Advertisement

Depressive Syndrome

  • Randolph B. Schiffer
  • Robert F. Klein
  • Roger C. Sider

Abstract

Major Depressive Syndrome. An illness episode characterized by either depressed mood, or loss of interest or pleasure. The illness episode should be further characterized by at least five psychobiologic signs of depression, such as weight change, sleep disturbance, psychomotor changes, anergy, feelings of worthlessness, impaired concentration, or recurrent thoughts of death.

Keywords

Multiple Sclerosis Amyotrophic Lateral Sclerosis Depressed Patient Affective Disorder Psychiatric Patient 
These keywords were added by machine and not by the authors. This process is experimental and the keywords may be updated as the learning algorithm improves.

Preview

Unable to display preview. Download preview PDF.

Unable to display preview. Download preview PDF.

References

  1. Alarcon, R. D., and Thweatt, R. W. A case of subdural hematoma mimicking severe depression with conversion-like symptoms. Am. J. Psychiatry, 1983, 140, 1360–1361.Google Scholar
  2. Albert, M., Naeser, M. A., Levine, H. L., and Garvey, A. J. Ventricular size in patients with presenile dementia of the Alzheimer’s type. Arch. Neurol., 1984, 41, 1258–1263.PubMedCrossRefGoogle Scholar
  3. Anand, B. K., and Dua, S. Stimulation of limbic system of brain in waking animals. Science, 1955, 122, 1139.PubMedCrossRefGoogle Scholar
  4. Amsterdam, J. D., Henle, W., Winokur, A., Wolkowitz, O. M., Pickar, D., and Paul, S. M. Serum antibodies to Epstein-Barr virus in patients with major depressive disorder. Am. J. Psychiatry, 1986, 143, 1592–1596.Google Scholar
  5. Aron, D. C., Tyrrell, J. B., Fitzgerald, P. A., Findling, J. W., and Forsham, P. H. Cushing’s syndrome: Problems in diagnosis. Medicine, 1981, 60, 25–35.PubMedCrossRefGoogle Scholar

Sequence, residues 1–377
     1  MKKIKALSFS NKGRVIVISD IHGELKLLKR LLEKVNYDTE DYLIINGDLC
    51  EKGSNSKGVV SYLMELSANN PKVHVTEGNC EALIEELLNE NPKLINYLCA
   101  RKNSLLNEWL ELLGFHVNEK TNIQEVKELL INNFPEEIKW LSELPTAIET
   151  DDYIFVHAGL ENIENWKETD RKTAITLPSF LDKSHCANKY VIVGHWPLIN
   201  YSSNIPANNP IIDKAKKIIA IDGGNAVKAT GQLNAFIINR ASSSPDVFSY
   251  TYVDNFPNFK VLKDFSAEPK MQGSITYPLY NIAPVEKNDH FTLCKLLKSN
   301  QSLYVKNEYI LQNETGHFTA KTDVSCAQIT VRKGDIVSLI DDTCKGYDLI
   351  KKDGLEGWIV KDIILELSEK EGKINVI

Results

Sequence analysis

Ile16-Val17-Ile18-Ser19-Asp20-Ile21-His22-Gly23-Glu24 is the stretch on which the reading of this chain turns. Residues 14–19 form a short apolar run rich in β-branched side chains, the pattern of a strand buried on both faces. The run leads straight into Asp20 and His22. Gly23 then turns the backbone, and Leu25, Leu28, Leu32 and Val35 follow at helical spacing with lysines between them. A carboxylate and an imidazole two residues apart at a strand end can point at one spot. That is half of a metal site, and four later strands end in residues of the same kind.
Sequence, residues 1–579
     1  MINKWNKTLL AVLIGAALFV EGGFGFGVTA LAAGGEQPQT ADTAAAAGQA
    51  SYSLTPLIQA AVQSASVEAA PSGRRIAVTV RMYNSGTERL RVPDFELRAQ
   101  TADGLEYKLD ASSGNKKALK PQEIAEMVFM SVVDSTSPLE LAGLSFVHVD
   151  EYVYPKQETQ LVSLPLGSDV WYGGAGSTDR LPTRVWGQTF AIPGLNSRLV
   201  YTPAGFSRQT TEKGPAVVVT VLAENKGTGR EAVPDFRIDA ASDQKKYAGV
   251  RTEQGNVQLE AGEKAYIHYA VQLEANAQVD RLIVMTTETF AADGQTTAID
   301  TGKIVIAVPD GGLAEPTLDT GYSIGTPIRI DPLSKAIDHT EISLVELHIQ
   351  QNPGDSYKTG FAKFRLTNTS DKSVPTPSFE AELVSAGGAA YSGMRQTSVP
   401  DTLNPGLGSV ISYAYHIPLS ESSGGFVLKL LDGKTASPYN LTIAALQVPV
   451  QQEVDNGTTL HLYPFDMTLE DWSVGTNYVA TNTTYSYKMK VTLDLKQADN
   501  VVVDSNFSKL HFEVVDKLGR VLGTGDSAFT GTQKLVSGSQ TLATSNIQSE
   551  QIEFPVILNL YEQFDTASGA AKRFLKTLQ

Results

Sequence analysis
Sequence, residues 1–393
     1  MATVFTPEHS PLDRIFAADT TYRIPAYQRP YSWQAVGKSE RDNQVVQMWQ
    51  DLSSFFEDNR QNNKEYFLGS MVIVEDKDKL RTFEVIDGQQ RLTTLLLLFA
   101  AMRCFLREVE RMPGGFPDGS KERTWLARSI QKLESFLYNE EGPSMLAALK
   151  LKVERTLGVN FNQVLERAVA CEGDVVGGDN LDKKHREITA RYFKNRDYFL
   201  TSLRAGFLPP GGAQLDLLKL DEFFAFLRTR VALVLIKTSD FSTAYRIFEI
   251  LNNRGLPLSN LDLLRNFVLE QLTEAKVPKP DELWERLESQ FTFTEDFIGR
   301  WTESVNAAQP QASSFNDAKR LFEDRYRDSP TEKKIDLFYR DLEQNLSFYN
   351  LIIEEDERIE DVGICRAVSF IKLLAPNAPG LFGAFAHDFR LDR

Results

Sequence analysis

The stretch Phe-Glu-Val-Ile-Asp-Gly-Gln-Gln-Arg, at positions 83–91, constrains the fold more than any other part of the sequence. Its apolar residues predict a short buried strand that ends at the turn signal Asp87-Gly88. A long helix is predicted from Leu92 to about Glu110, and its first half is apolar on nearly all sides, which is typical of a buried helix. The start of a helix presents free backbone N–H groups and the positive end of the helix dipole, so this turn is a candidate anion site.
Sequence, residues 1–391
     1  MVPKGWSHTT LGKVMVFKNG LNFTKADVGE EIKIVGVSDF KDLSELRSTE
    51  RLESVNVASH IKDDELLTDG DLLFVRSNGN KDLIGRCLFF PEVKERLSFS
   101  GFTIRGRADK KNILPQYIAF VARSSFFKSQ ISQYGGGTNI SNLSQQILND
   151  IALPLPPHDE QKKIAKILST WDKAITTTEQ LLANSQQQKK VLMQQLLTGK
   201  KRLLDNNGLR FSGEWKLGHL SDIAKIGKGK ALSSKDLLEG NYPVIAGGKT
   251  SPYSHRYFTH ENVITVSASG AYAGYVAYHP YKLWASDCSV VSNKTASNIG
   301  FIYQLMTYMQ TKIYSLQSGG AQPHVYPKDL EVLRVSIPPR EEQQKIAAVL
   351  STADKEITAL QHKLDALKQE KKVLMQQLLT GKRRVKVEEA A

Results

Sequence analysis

6. Beresford, T. P., Hall, R. C. W., Wilson, F. C., and Blow, F. Clinical laboratory data in psychiatric outpatients. Psychosomatics, 1985, 26, 731–744.PubMedCrossRefGoogle Scholar
  7. Bonnyns, M., Van Haelst, L., and Bastenie, P. A. Asymptomatic atrophic thyroiditis. Horm. Res., 1982, 16, 338–344.PubMedCrossRefGoogle Scholar
  8. Borer, M. S., and Bhanot, V. K. Hyperparathyroidism: Neuropsychiatric manifestations. Psychosomatics, 1985, 26, 597–601.PubMedCrossRefGoogle Scholar
  9. Burkle, F. M., and Lipowski, Z. J. Colloid cyst of the third ventricle presenting as a psychiatric disorder. Am. J. Psychiatry, 1978, 135, 373–374.PubMedGoogle Scholar
  10. Buzzard, T. Lancet, 1897, No. 3827, 1–4.CrossRefGoogle Scholar
  11. Caine, E. D., and Polinsky, R. J. Haloperidol-induced dysphoria in patients with Tourette syndrome. Am. J. Psychiatry, 1979, 136, 1216–1217.PubMedGoogle Scholar
  12. Calabrese, J. R., Gulledge, A. D., Hahn, K., Skwerer, R., Kotz, M., Schumaker, O. P., Gupta, M. K., Krupp, N., and Gold, P. W. Autoimmune thyroiditis in manic-depressive patients treated with lithium. Am. J. Psychiatry, 1985, 142, 1318–1321.PubMedGoogle Scholar
  13. Carpenter, P. C. Cushing’s syndrome: Update of diagnosis and management. Clin. Pract., 1986, 61, 49–58.Google Scholar
  14. Casper, R. C., Redmond, D. E., Katz, M. M., Schaffer, C. B., Davis, J. M., and Koslow, S. H. Somatic symptoms in primary affective disorder. Arch. Gen. Psychiatry, 1985, 42, 1098 1104.Google Scholar
  15. Cohen, K. L., and Swigar, M. E. Thyroid function screening in psychiatric patients. JAMA, 1979, 242, 254–257.Google Scholar
  16. Damasio, H., Eslinger, P., Damasio, A. R., Rizzo, M., Huang, H. K., and Demeter, S. Quantitative computed tomographic analysis in the diagnosis of dementia. Arch. Neurol., 1983, 40, 715–719.PubMedCrossRefGoogle Scholar
  17. Delisi, L. E., Nurnberger, J. I., Simmons-Ailing, S., and Gershon, E. S. Epstein-Barr virus and depression. Arch. Gen. Psychiatry, 1986, 43, 815–816.PubMedCrossRefGoogle Scholar
  18. Dewhurst, K. The neurosyphilitic psychoses today: A survey of 91 cases. Br. J. Psychiatry, 1969, 115, 31–38.PubMedCrossRefGoogle Scholar